Clin Endosc > Volume 54(4); 2021 > Article
Jung, Baik, Ko, Ko, Kim, Jang, Jang, Lee, Cho, Lim, Moon, Yoo, and Cho: Diode Laser—Can It Replace the Electrical Current Used in Endoscopic Submucosal Dissection?



A new medical fiber-guided diode laser system (FDLS) is expected to offer high-precision cutting with simultaneous hemostasis. Thus, this study aimed to evaluate the feasibility of using the 1,940-nm FDLS to perform endoscopic submucosal dissection (ESD) in the gastrointestinal tract of an animal model.


In this prospective animal pilot study, gastric and colorectal ESD using the FDLS was performed in ex vivo and in vivo porcine models. The completeness of en bloc resection, the procedure time, intraprocedural bleeding, histological injuries to the muscularis propria (MP) layer, and perforation were assessed.


The en bloc resection and perforation rates in the ex vivo study were 100% (10/10) and 10% (1/10), respectively; those in the in vivo study were 100% (4/4) and 0% for gastric ESD and 100% (4/4) and 25% (1/4) for rectal ESD, respectively. Deep MP layer injuries tended to occur more frequently in the rectal than in the gastric ESD cases, and no intraprocedural bleeding occurred in either group.


The 1,940-nm FDLS was capable of yielding high en bloc resection rates without intraprocedural bleeding during gastric and colorectal ESD in animal models.


Endoscopic submucosal dissection (ESD) is an advanced endoscopic technique used to remove superficial gastrointestinal (GI) tract neoplasms. This technique has advantages enabling en bloc resection regardless of the tumor size [1]. The resection margins of tissue removed en bloc can be accurately evaluated in all directions by pathologists. Thus, local recurrence can be reduced by determining whether the lesions are completely resected [2]. Despite these advantages, ESD is not popular worldwide because of technical difficulties and high-risk complications. Thus, various types of endoscopic knives have been developed to overcome these technical difficulties; these include insulated tip knife-type (IT knife, IT knife 2, and IT knife nano), needle knife-type (hook knife, dual knife, flex knife, B-knife, and hybrid knife), and grasping scissor knifetype (SB knife, SB knife Jr, and Clutch cutter knife) [1,3]. These endoscopic knives have helped remove lesions more safely and effectively but can cause intraprocedural or postprocedural bleeding because of the electrosurgical current.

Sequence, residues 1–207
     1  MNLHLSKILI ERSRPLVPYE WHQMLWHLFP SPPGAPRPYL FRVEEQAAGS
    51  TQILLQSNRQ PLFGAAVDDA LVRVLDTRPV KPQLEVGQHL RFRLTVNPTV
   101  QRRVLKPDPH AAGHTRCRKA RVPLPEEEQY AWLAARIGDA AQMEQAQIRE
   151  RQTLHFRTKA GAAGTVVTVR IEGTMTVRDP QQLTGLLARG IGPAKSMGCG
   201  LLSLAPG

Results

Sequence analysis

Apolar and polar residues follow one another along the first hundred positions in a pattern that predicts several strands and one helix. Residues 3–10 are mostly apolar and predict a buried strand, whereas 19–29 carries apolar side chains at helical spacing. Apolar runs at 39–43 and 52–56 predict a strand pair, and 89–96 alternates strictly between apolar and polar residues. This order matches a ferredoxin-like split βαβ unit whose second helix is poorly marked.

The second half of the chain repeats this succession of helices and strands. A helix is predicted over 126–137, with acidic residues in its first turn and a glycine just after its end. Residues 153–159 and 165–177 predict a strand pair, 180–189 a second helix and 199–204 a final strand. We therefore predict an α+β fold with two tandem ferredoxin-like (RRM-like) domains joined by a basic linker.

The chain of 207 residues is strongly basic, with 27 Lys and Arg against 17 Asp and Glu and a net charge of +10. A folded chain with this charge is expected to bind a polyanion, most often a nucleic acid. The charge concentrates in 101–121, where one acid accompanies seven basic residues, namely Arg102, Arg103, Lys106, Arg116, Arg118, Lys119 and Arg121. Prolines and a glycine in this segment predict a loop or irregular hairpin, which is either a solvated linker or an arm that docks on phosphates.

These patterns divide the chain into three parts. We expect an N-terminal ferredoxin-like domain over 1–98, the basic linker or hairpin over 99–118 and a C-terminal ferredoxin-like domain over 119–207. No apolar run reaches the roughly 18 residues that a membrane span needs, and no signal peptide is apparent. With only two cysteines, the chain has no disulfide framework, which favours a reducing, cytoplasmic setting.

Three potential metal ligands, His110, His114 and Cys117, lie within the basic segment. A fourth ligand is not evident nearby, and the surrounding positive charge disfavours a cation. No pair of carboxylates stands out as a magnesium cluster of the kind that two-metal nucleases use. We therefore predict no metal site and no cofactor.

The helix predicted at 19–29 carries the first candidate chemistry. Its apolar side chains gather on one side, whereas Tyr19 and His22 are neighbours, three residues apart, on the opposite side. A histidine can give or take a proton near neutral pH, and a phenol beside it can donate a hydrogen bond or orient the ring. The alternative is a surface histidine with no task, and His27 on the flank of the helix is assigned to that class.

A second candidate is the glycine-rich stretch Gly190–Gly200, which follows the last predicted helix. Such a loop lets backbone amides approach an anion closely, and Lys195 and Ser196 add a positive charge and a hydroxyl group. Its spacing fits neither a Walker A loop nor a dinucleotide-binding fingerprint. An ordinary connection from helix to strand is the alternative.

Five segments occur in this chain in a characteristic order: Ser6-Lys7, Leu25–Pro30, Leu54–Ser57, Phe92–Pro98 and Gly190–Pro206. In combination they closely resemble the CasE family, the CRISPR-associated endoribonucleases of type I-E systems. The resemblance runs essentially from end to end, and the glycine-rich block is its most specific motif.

Bleeding is one of the most common complications associated with ESD, as intraprocedural bleeding interferes with precise endoscopic resection under a clear view of the operating field, which can lead to longer procedure times or an increase in the frequency of complications, such as perforation [4]. The incidence rates of immediate and delayed bleeding associated with gastric ESD are approximately 22% and 4.5%–5.5%, respectively [5-7]. A recent meta-analysis showed that the incidence rates of immediate and delayed bleeding associated with colorectal ESD are 0.82% and 1.7%, respectively [8].
Lasers generate heat and cause edema in the vessel wall, resulting in hemostasis [9]. Therefore, attempts have been made to reduce the risk of bleeding associated with these laser properties by using several types of lasers, including carbon dioxide (CO2) laser [10,11], Nd: YAG laser [12], thulium laser [13], and diode laser [14], for endoscopic procedures.
The diode laser system has been used as a surgical instrument for incising and dissecting tissue and for achieving hemostasis. However, no study has yet performed ESD using the 1,940-nm diode laser system. A new medical fiber-guided diode laser system (FDLS) designed for endoscopic procedures emitting a high-frequency 1,940-nm wavelength is expected to offer high-precision cutting with simultaneous hemostasis. Thus, this study aimed to evaluate the feasibility of the application of the FDLS for performing ESD in the GI tract of an animal model.


This study was designed as a prospective animal pilot study. Herein, the feasibility of endoscopic application of the FDLS in ESD was evaluated in ex vivo and in vivo porcine models. An ex vivo porcine model was used first to confirm the feasibility of FDLS application for ESD, followed by an in vivo porcine model to assess its clinical applicability.


A single-channel endoscope (GIF-Q260J; Olympus Medical Systems Co., Tokyo, Japan) was used for all ESD procedures. A transparent distal cap (Olympus EndoTherapy; Olympus America Inc., Waltham, MA, USA) was attached to the tip of the endoscope to optimize visualization. A hypertonic saline solution mixed with diluted epinephrine and traces of indigo carmine were injected to lift the mucosal and submucosal layers.